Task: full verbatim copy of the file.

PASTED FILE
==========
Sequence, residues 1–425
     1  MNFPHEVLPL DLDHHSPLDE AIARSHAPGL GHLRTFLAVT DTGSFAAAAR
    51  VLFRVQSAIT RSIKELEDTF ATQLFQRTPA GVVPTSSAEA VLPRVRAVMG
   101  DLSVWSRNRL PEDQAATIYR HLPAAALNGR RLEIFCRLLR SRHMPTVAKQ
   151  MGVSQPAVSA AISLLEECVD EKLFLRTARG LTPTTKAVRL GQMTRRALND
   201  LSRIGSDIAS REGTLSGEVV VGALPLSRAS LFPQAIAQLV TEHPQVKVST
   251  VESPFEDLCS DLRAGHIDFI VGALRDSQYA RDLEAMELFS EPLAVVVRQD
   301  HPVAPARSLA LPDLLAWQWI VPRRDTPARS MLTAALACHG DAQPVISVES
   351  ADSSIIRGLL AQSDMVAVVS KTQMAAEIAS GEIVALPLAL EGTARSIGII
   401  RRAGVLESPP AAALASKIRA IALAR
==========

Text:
Sequence, residues 1–425
     1  MNFPHEVLPL DLDHHSPLDE AIARSHAPGL GHLRTFLAVT DTGSFAAAAR
    51  VLFRVQSAIT RSIKELEDTF ATQLFQRTPA GVVPTSSAEA VLPRVRAVMG
   101  DLSVWSRNRL PEDQAATIYR HLPAAALNGR RLEIFCRLLR SRHMPTVAKQ
   151  MGVSQPAVSA AISLLEECVD EKLFLRTARG LTPTTKAVRL GQMTRRALND
   201  LSRIGSDIAS REGTLSGEVV VGALPLSRAS LFPQAIAQLV TEHPQVKVST
   251  VESPFEDLCS DLRAGHIDFI VGALRDSQYA RDLEAMELFS EPLAVVVRQD
   301  HPVAPARSLA LPDLLAWQWI VPRRDTPARS MLTAALACHG DAQPVISVES
   351  ADSSIIRGLL AQSDMVAVVS KTQMAAEIAS GEIVALPLAL EGTARSIGII
   401  RRAGVLESPP AAALASKIRA IALAR